Goddess and Dancer
Some performances are so evocative that they make you wish that the language barriers would melt away, and let you connect with every aspect of the verses and music they’re being danced to. The poetry is so powerful that you want to savour every word of it. It is dance that overcomes these barriers, since it becomes universal language.
At the Habitat Centre in Delhi, the flowers were blooming to welcome the spring, when Alarmel Valli gave a solo Bharatnatyam recital on the 14th of March. The performance was based on the poetry of saint Annamacharya and it was titled ‘Is there some way I can reach you?’ Arundhati Subramaniyam, while tracing the trajectory of the performance, said that it started when she read a book, ‘The God on the hill’, a translation of Annamacharya’s poetry by an Englishman. It compelled her to revise her idea of bhakti literature. Annamacharya was not only a saint but also a bard, a poet with range, depth, ingenuity, voltage, who sang sacred and sensual poetry. His portrayal of the Goddess is unabashedly erotic, which shows body and soul are not exclusive.
Annamacharya was known to live in the fifteenth century, when he used to compose a padam a day in praise of Lord Venkatesh. These songs were rediscovered in 1922, inscribed on copper plates. On the one hand, these poems were introspective, the words of a seeker, beseeching and imploring. On the other hand, they have shringar rasa. The poet writes as the goddess Alamelu Manga herself, who is the Lord’s consort. The poems take you straight to the bedchambers of the god, where the master of the universe becomes the slave. They are erotic and at the same time, subtle and intimate.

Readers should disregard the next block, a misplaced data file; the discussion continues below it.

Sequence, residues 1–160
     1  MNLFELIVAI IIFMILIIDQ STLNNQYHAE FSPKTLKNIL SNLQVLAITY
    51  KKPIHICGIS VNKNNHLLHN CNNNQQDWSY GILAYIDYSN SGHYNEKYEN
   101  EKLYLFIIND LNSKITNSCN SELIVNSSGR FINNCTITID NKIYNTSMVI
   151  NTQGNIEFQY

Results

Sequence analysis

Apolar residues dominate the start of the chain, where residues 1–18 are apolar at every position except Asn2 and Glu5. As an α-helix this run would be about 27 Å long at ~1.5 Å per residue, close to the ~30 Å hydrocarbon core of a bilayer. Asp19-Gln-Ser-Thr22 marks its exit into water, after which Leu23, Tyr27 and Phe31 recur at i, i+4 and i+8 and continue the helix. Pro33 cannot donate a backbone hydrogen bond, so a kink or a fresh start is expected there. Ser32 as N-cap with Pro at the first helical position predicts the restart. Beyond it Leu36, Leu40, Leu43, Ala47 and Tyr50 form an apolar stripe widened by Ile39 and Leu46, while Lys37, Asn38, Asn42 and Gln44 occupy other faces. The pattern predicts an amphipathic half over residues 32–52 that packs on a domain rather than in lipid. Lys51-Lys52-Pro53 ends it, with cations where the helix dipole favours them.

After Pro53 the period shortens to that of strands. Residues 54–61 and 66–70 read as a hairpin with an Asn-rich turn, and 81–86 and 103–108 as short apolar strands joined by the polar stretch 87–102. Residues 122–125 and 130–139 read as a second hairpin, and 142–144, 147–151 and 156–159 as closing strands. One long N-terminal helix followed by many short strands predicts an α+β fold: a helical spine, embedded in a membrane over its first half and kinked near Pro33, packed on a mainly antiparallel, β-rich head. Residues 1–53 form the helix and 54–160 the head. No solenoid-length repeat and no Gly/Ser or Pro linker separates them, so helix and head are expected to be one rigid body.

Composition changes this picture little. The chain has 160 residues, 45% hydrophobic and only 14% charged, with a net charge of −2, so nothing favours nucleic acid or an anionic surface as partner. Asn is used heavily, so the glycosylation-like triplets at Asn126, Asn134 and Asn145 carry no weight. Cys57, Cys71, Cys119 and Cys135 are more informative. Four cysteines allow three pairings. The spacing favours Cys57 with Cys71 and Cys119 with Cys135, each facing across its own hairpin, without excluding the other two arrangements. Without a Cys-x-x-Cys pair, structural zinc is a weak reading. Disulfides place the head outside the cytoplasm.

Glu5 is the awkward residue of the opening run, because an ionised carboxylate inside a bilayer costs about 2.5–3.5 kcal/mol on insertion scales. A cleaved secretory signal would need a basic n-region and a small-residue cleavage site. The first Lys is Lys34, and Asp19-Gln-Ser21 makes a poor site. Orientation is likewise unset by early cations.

Alarmel Valli is a dancer and choreographer, and the foremost exponent of the Pandanallur style of Bharatnatyam. She has been trained under Pandanallur Chokkalingam Pillai and his son Subbaraya Pillai. She has been awarded the Padma Shri, the Sangeet Natak Akademi award in 2001 and the Padma Bhushan in 2004. She is the founder of Deepashikha, a centre for fine arts in Chennai.
The first piece for the evening’s performance was an ode to Lord Vishnu, Om Namo Narayana. Lord Vishnu, reclines on the sheshshaiyya, Shriman Narayan, shriparameshwara, with a shankha-chakra-gada-padma, garland, kundal (ear ornaments), kamalmukha, kamalnayan, kamalnabhi (lotus being compared to the face, to the eyes and the navel) parampurush, paratapara (beyond this world), the darshan of the Lord Venkateshwara with the temple situated atop a hill is a blissful experience. The omnipresent Lord resides in all creation, the fragrance of flowers, tranquility of streams, churning of the ocean, heat of fire, blazing light and the sun, virtue and valour, and truth in the word. The piece ended with the chanting of Shriman Narayana.